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QUESTION: Hi, my name is Justin and I attend Johnson & Wales University in Denver, I have this paper to do and I was wondering if I could get a quote or an oppinion fron you. The question is Culinary, Art or Craft. I will be interested in what you have to say.
Thanks alot, i really aprreciate this.  Justin

ANSWER: Hi Justin,
There are those that carve many standard granite tombstones each year, and there was Michelangelo.
There are those who paint numerous very good sunset paintings every month to sell to tourists, and there was Rembrandt.
 
The distinction between the craftsman and the artist in the above examples would seem obvious to most people.
 
But how about this: There are Sears mechanics, and there are those work on Masarati's.
Is one a craftsman and the other an artist? Or 'only' a master craftsman?  If 'only' a master craftsman, then was Michelangelo 'only' a master craftsman when he carved stone?
 
There are quick order breakfast cooks, and there was Escoffier.
 
There are both craftsman and artists in almost every field (in my opinion). Where you draw the line between a craftsman and an artist has been debated for thousands of years. There is no answer to this. There are only personal opinions.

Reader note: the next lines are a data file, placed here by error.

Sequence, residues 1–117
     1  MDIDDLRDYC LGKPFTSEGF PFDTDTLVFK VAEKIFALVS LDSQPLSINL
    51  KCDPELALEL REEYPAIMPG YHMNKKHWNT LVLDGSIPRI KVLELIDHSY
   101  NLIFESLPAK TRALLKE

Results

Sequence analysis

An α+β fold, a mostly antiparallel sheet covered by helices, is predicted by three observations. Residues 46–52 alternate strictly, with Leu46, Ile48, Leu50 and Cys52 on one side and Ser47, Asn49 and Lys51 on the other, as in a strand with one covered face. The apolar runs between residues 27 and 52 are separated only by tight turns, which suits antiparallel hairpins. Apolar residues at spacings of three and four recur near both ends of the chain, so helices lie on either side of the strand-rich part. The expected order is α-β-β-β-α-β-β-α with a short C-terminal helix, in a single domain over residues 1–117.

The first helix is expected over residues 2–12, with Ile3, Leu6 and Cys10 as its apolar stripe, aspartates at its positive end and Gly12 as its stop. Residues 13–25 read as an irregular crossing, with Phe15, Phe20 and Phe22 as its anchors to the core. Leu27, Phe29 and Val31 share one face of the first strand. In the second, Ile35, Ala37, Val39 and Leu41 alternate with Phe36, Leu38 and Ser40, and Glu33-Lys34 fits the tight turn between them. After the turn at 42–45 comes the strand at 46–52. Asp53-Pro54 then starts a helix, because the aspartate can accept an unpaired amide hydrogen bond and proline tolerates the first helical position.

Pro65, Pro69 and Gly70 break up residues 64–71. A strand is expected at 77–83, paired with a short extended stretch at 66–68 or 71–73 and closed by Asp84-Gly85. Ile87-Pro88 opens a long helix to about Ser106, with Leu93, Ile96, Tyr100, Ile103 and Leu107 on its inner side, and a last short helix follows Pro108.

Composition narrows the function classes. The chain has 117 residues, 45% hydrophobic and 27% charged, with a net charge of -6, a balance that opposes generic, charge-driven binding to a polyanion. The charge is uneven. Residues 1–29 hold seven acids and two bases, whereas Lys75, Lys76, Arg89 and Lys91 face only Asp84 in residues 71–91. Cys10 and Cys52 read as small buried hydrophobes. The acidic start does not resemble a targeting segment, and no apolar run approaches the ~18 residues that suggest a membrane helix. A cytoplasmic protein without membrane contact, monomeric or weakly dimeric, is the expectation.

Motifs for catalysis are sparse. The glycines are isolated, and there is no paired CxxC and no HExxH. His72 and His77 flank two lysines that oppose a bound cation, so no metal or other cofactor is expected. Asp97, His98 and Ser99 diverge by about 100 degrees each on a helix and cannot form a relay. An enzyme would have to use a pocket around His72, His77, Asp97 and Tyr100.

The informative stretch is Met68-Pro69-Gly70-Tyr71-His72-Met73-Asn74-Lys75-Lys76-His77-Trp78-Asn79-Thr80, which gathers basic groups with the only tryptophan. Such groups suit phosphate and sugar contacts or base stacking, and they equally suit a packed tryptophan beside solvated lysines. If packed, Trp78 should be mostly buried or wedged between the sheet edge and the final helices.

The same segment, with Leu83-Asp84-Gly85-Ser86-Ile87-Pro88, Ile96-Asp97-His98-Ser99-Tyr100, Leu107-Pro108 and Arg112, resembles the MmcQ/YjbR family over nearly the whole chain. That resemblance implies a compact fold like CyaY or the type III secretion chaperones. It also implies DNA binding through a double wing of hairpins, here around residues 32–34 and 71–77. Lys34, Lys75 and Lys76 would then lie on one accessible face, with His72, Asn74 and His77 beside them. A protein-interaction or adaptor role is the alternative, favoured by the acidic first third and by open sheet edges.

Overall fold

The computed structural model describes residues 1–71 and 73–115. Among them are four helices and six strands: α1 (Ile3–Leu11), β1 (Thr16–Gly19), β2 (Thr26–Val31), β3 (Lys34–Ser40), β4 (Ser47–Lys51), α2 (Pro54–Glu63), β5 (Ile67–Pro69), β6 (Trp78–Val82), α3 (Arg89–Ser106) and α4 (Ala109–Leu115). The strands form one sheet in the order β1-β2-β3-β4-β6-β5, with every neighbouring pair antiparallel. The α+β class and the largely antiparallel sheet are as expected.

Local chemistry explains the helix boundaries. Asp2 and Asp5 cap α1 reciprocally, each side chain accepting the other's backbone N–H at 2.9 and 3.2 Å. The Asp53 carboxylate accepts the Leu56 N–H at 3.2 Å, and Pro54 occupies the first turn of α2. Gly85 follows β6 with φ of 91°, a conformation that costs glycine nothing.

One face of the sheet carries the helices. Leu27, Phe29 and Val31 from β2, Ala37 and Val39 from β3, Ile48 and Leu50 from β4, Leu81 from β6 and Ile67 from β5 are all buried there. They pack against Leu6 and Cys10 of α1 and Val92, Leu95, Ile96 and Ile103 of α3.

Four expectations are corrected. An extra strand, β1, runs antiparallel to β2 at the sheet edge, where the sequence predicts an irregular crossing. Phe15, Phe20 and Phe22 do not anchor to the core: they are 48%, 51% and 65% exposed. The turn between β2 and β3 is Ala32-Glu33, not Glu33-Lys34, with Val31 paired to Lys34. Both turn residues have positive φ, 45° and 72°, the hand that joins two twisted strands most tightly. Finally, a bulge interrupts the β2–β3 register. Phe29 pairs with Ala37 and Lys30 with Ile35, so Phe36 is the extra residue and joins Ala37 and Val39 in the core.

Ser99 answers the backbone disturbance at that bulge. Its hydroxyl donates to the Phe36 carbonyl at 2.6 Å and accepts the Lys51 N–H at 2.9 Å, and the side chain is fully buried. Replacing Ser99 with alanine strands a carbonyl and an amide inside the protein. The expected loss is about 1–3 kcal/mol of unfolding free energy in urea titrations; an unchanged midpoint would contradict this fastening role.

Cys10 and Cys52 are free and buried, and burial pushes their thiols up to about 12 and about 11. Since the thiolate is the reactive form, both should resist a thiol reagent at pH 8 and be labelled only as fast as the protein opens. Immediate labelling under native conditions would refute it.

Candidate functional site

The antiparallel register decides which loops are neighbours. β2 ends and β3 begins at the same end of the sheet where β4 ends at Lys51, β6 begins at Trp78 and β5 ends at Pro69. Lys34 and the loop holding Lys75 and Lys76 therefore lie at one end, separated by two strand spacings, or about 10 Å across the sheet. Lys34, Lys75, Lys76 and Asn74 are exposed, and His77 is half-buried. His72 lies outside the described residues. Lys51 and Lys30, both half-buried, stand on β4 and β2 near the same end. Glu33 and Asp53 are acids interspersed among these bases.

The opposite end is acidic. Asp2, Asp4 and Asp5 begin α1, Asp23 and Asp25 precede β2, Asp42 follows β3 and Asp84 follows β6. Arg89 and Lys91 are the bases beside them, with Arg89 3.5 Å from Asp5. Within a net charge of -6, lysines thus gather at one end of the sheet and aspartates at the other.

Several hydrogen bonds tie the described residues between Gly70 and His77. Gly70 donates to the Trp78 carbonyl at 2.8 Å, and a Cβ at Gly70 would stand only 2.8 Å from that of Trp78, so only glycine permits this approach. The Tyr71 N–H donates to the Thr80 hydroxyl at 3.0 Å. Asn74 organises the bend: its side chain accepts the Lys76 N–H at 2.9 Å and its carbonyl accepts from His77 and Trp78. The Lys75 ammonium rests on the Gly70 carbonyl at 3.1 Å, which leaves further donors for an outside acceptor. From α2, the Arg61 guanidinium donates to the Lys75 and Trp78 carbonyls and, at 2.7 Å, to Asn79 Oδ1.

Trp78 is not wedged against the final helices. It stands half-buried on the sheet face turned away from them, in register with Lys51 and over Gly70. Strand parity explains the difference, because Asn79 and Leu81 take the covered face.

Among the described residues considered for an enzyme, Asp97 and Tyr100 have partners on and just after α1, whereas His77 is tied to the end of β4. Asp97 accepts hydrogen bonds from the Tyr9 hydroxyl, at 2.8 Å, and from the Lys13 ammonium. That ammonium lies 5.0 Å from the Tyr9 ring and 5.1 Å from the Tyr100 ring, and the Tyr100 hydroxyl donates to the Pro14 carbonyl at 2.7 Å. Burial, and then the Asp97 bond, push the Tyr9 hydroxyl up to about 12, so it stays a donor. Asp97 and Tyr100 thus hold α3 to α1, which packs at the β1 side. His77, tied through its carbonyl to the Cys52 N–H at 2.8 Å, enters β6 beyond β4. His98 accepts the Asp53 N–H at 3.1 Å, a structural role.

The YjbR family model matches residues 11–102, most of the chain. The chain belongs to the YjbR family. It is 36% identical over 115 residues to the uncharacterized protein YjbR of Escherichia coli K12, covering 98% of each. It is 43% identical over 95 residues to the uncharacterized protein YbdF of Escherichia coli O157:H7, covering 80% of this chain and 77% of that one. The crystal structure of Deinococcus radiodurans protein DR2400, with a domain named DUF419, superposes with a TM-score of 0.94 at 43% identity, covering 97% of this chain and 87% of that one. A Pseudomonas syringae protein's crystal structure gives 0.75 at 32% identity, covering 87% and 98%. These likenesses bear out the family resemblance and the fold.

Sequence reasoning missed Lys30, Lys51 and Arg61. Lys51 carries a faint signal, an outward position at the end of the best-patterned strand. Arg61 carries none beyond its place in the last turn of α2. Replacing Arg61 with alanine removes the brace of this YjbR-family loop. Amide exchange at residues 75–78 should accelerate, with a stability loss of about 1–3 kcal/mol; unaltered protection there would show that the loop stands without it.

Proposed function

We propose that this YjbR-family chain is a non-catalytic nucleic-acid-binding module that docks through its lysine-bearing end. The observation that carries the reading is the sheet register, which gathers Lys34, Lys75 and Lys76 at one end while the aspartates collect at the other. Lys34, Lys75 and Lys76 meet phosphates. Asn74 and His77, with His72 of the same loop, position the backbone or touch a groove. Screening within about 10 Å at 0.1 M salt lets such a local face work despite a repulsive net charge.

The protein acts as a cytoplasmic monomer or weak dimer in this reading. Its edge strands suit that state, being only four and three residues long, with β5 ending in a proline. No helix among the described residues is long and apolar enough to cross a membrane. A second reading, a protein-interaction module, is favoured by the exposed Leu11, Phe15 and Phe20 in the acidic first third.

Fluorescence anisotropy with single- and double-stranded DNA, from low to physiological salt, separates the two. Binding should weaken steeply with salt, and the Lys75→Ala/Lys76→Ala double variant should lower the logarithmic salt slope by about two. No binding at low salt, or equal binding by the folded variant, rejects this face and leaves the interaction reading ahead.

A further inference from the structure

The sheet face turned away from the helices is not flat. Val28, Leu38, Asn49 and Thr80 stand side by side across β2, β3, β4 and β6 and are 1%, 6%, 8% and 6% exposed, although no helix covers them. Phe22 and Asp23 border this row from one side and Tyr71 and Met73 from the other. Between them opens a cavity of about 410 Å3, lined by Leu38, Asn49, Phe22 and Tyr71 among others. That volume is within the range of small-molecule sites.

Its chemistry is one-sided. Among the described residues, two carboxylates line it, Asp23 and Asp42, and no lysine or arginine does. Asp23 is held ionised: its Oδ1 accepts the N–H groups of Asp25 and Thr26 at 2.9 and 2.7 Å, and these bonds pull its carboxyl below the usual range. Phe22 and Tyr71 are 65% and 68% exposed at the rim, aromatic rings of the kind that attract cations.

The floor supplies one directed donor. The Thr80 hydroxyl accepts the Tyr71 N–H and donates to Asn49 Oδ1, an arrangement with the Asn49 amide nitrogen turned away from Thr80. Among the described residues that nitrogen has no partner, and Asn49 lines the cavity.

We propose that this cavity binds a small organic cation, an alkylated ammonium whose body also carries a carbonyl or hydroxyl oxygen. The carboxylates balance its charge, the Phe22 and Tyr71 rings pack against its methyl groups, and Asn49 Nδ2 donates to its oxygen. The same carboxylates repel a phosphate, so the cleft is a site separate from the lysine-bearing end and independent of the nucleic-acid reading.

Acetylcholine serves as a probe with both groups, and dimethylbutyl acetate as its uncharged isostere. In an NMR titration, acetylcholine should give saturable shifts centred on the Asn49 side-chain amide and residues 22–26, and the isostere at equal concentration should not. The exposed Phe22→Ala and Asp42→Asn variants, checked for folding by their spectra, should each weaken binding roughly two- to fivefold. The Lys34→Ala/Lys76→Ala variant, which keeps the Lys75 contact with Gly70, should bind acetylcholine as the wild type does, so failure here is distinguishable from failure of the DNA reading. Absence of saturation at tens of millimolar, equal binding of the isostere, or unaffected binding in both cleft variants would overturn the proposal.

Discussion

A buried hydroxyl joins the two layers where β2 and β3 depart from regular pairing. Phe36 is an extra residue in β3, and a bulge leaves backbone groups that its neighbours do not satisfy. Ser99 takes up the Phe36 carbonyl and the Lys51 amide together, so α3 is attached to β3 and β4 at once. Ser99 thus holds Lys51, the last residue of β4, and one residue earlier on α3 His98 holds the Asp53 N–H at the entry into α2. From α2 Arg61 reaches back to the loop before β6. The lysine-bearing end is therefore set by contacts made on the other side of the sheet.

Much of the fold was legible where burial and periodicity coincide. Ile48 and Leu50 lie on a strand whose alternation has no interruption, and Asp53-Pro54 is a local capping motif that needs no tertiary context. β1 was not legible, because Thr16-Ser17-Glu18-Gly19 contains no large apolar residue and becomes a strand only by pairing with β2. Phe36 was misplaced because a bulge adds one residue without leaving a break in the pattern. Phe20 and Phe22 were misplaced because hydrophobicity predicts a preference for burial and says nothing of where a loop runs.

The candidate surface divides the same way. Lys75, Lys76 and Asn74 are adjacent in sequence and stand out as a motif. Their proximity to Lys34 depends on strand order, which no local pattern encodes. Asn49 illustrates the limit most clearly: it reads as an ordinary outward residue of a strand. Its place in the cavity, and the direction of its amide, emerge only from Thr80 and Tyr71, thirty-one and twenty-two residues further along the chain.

In my opinion :))  Chef James.


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 TRIVIA
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Crosne, also called Chinese artichoke, Japanese artichoke, knotroot and Chorogi. This is an Asian member of the mint family grown for its unusually shaped edible tubers. The were introduced to Europe in the 1880s (first cultivated in France near Crosne, hence the name) and enjoyed popularity until the 1920s. They have been 'rediscovered' lately and it's popularity has increased here in the U.S. The tubers look a string of misshapen mottled pearls (they are also described as 'petrified worms). They can be eaten raw, in salads, or stir fried, boiled, baked or in soups.

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 QUOTE
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"Actually, the true gourmet, like the true artist, is one of the unhappiest creatures existent. His trouble comes from so seldom finding what he constantly seeks: perfection."
Ludwig Bemelmans

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 RECOMMENDED FOOD SOURCE
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FRENCHED RACK OF LAMB 8 rib rack, perfectly trimmed for easy cooking and perfect flavor. 1.25 -1.5lb trimmed - $ 35.00 LEG OF LAMB The "steamship" cut: impressive traditional display and all the range of the mild lamb flavors. 6 -6.5 lbs, bone in. - $50.00 LEG ROAST Smaller than a whole leg, our leg roast can be easily stuffed with your favorite herbs. 3 lbs boneless- $27.00.
http://store.farmmarkets.com/Merchant2/merchant.mv?Screen=SFNT&Store_Code=T&Affiliate=foodref


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 ANCIENT & CLASSIC RECIPES
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POTTED ANCHOVIES
MODERN COOKERY FOR PRIVATE FAMILIES By Eliza Acton (1845)